Document Records - Vintage Blues and Jazz

Document Records
The Unissued 1951 Yancey Wire Recordings

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This album can be downloaded, fully or by individual tracks, directly from these recommended on-line retailers. Cover artwork may differ to that shown here.

Available as a download on iTunes

Available as a download on eMusic


Mama Yancey
Jimmy Yancey
Walter Joplin
Unknown Pianist
Dick Mushlitz


Unknown Pianist
01 - Lux`s boogie Listen

Mama Yancey
02 - Make me a pallet on the floor Listen
03 - Chicago in mind Listen

Unknown Pianist
04 - Cow Cow blues Listen

Mama Yancey
05 - Tomorrow morning - damaged Listen
06 - Four o`clock blues - damaged Listen
07 - Shave `em dry - fragment Listen

Jimmy Yancey
08 - Elephant rag Listen
09 - Mellow blues Listen

Walter Joplin
10 - Scott Joplin`s new rag Listen

Mama Yancey
11 - Royal Garden blues Listen
12 - Hurry sundown Listen
13 - Don`t you wanna know Listen
14 - How long blues Listen

Jimmy Yancey
15 - Yancey`s bugle call - damaged Listen
16 - Fives Listen

Dick Mushlitz
17 - Blues Listen

Mama Yancey
18 - Chicago in mind Listen
19 - Don`t you wanna know Listen
20 - How long blues Listen

Jimmy Yancey, piano vocal.
Mama Yancey, vocal.
Includes Dick Mushlitz, piano (1 track)

 Genres: Blues piano, boogie-woogie piano.

Informative, 24 page, illustrated booklet, with booklet notes written by Dick Mushlitz.
Detailed discography.

We arrived at Yanceys sometime before midnight. It was still June 16. The party had probably been in progress for some time. Jimmy had been feeling ill for the past few weeks, and when we got there he was resting in the small bedroom just off of the living room where the piano was located, but he soon joined the rest of us. After being introduced to those whom we didn't know, Phil set up the wire recorder and, after asking for and getting an extension cord for the machine from Estelle, began recording. This CD contains all of what was captured on the wires that night.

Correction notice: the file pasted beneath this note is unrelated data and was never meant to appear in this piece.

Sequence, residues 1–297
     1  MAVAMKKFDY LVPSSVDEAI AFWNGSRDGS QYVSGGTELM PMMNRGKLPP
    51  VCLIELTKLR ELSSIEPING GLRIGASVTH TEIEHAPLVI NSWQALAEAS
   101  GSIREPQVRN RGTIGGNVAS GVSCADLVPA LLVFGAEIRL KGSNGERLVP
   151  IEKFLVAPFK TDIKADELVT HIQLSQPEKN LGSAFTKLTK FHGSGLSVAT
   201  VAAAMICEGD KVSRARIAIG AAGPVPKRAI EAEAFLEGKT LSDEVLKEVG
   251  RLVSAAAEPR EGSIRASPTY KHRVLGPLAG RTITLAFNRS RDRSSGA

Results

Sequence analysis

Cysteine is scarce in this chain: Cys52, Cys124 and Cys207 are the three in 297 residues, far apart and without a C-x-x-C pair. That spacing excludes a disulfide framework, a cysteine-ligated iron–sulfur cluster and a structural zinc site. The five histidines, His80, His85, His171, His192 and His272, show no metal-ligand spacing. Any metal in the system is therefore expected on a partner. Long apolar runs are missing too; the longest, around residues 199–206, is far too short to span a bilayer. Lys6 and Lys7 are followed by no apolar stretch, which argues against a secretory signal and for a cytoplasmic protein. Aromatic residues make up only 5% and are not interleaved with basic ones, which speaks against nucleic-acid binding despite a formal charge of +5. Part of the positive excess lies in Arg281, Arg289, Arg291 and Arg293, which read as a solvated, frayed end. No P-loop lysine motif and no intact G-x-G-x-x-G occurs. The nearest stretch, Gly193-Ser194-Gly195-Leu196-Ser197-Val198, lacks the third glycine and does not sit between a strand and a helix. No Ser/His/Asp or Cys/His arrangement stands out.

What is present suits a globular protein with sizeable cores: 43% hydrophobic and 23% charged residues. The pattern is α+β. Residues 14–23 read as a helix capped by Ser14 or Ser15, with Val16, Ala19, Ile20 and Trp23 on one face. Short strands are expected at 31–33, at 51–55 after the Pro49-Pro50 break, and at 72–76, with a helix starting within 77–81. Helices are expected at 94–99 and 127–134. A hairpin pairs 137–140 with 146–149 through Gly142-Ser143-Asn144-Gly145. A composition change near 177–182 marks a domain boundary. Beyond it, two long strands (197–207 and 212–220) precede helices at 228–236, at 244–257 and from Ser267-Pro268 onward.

I might note at this point that wire recorders did not have any recording meters on them, so it was difficult to adjust the recording gain properly. Also, the microphone cord on wire recorders was only about four feet long which made microphone placement mostly a matter of luck, and there seemed to be extraneous noises that could have come from a possible "intermittent" short in the microphone connection. It is also quite possible that Phil had to move the microphone around in order to capture the vocals as they were sung. But as one can tell from listening to the recordings, the gatherings at Yanceys were the epitome of informality. If you were a musician and wanted to play, you played. If you just wanted to sit and listen, you listened. There was always much conversation going on between the attendees, and at times it tended to overpower the recording. Nobody minded the recorder, and Estelle moved about the room, sometimes singing, sometimes exhorting a musician to play, sometimes talking. As I said, informality reigned. On a couple of occasions, as I remember, Jimmy returned to the bedroom to rest and listen to the other musicians from there. The party was still in full swing when we left, which was probably between three and four A. M.

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